By Ashley Gebb
OROVILLE — Allegations of abuse and neglect at the Barry R. Kirshner Wildlife Foundation were met today with anger and shock from those affiliated with the sanctuary and education center.
The People for the Ethical Treatment of Animals announced this week the organization had filed complaints with the U.S. Fish and Wildlife Service and U.S. Department of Agriculture, and had requested investigations into alleged violations of the Endangered Species Act. The legislation prohibits the taking, harming, harassing, and wounding of threatened and endangered wildlife.
On Tuesday, founder and director Roberta Kirshner had not heard of the complaint but immediately suspected it was from "disgruntled" former volunteers.
"It hurts. It's terrible what people do," Kirshner said. "It's just sad because they are trying to destroy something that is good, and we are a last stop for so many animals. This is not right."
The foundation, started in 1994, provides around-the-clock care for sick and special-needs animals, including exotic species. Large cats like tigers, leopards, lynxes and bobcats call the Kirshner Foundation home, which moved to a new 19-acre property on Durham-Pentz Road in fall 2010.
The complaint is based on reports from two former volunteers — whose identities were not released by PETA — that Kirshner routinely beats and punches animals, encourages volunteers to participate in the abuse, denies animals critical veterinary care and engages in poor feeding practices, some of which resulted in animals' death and suffering. Additional volunteers are willing to corroborate the numerous specific incidents of abuse, the compliant states.
"People can say anything they want, whether it's true or not," Kirshner said. "It's terrible."
She said she thinks the community's longtime support of the foundation, which will have its 20th anniversary this year, are proof of its commitment to the best animal care.
"The animals come first," Kirshner said. "We do everything we can to make sure they are content and have everything they need to be healthy and happy."
The center has several veterinarians who regularly check the animals and are on 24-hour call, she said. Each year, the foundation spends thousands of dollars to care for the animals it serves.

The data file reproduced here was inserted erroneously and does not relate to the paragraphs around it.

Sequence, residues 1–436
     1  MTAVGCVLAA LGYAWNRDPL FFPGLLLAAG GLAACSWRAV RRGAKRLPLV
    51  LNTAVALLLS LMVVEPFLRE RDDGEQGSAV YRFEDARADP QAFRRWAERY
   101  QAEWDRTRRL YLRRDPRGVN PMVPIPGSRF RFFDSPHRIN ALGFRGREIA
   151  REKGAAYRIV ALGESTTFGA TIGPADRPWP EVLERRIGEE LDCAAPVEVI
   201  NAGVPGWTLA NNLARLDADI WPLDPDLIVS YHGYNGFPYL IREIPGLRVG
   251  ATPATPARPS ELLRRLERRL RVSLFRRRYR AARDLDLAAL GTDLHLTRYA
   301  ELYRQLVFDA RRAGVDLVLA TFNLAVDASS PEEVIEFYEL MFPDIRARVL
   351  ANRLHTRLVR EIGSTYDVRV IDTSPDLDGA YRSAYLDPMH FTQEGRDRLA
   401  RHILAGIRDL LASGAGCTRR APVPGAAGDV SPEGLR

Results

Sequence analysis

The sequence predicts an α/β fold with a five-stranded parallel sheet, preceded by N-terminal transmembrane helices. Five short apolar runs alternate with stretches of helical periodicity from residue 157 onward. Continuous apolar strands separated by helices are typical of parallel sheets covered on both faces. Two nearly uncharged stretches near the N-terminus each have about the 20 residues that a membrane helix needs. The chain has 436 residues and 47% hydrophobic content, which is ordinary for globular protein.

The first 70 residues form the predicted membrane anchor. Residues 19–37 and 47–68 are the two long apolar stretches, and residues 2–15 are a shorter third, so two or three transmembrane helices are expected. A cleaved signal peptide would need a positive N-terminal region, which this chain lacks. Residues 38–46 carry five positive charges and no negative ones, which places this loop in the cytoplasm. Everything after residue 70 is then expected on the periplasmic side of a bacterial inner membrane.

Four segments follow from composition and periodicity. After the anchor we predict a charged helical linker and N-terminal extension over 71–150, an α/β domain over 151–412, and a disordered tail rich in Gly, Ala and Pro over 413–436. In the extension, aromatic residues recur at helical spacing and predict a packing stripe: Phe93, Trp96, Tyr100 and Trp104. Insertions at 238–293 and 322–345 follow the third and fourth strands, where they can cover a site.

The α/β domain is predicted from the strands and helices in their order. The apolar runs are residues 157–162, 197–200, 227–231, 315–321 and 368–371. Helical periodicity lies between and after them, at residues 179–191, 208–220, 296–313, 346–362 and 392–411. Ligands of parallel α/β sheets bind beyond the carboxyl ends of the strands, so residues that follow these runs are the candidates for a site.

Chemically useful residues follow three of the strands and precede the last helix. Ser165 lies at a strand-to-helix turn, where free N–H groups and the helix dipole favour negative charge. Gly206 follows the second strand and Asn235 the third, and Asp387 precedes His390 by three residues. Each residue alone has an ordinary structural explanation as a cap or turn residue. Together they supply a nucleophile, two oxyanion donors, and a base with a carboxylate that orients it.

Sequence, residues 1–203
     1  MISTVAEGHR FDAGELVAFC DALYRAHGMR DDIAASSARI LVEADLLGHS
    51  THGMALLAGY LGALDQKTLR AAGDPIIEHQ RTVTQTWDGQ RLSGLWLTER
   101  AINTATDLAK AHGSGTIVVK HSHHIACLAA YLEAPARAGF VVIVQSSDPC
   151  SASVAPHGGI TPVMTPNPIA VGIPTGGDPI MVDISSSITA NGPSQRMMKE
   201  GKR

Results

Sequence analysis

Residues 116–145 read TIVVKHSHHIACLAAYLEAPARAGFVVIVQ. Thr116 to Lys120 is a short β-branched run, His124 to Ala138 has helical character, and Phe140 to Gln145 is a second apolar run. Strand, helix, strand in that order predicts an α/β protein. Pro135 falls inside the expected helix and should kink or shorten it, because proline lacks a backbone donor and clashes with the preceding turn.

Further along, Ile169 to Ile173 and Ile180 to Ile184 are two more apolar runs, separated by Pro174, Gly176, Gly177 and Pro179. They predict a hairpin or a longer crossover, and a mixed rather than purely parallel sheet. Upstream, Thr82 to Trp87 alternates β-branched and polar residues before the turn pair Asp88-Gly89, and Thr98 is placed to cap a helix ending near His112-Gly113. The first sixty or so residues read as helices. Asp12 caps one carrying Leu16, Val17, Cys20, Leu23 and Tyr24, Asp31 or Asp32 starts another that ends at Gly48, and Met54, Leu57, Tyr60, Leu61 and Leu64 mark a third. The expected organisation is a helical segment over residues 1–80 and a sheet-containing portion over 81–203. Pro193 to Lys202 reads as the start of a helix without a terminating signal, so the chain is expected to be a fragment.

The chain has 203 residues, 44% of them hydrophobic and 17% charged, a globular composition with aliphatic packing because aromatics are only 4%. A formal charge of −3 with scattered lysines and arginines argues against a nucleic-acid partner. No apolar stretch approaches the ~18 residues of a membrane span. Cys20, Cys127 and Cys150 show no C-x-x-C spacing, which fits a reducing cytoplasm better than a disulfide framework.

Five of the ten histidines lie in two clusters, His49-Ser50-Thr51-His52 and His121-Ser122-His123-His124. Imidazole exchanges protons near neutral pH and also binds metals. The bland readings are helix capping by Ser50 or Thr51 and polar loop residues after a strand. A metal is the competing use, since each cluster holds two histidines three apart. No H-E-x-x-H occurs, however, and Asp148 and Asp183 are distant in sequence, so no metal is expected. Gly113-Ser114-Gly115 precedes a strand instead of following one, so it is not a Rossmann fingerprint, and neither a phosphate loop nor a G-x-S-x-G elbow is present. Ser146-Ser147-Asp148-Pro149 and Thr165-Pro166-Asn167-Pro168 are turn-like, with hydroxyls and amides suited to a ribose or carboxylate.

Veterinarian Dawn Alves of All About Equine Veterinary Services, has been affiliated with the foundation before it officially began and said she was shocked by the allegations.
She has never witnessed or seen evidence of an animal being mistreated, and said their well-being is evidenced by the number of older-aged animals.
"It just breaks my heart that anyone would try to say that they didn't take care of their animals," she said. "All you have to do is go there and see them to know how well they are cared for."
In hearing some of the specific allegations, Alves said she identified many holes in the stories and the sensationalizing of situations taken out of context. It's also easy for someone unfamiliar with large and exotic animals to misinterpret medical treatment as abuse, she said.
"I have never seen any neglected, I have never seen any not fed," she said. "I can't even think of one animal I can point to and say 'They didn't take care of it.' That just doesn't happen."
Kirshner's educational facility provides quality lives for the animals and invaluable education to anyone who encounters them, her veterinary staff included, she said. If abuse or neglect had been taking place at the center, it would not have been able to stay hidden and nor would it be able to secure such widespread community support.
Kirshner said the former volunteers she suspects are behind the complaint were upset about their access at the foundation, and had poor behavior that resulted in termination of their volunteer work, she said.
"There is a lot of jealousy in this world," Kirshner said. "People want to do things and we don't allow it unless they are trained and have the animals' interest at heart. We don't let people do anything they want."
Oroville resident Brenda Wentz has volunteered at the foundation for 14 years, ever since her then-teenage daughter started volunteering there.
"I think Roberta is a wonderful caretaker of the animals," she said. "I've always witnessed her give just the utmost care — health care, environment, food, shelter."
Wentz doesn't think the allegations will affect the foundation because of there is a prevailing truth, she said.
"Roberta has a wonderful reputation with Fish and Game, she goes through rigorous USDA inspections and passes them with flying colors," she said. "There are always negative people out there, naysayers ... We have to move forward and do good things."
Foundation board member Freedom Cheteni, who has been affiliated with the center for five years said he was "at a loss" for the reasoning behind the allegations.
"The foundation is probably one of the most animal-friendly places in the country," he said.
The animals it takes in are coming from abusive places and about to be put down, he said.
"We are not like a zoo where our job is to entertain people — we are there to rescue animals that would otherwise not have a life," Cheteni said. "If anyone has concerns, call the foundation, see it for yourself. See the enclosures, see the animals and then you can make a judgment." Documents.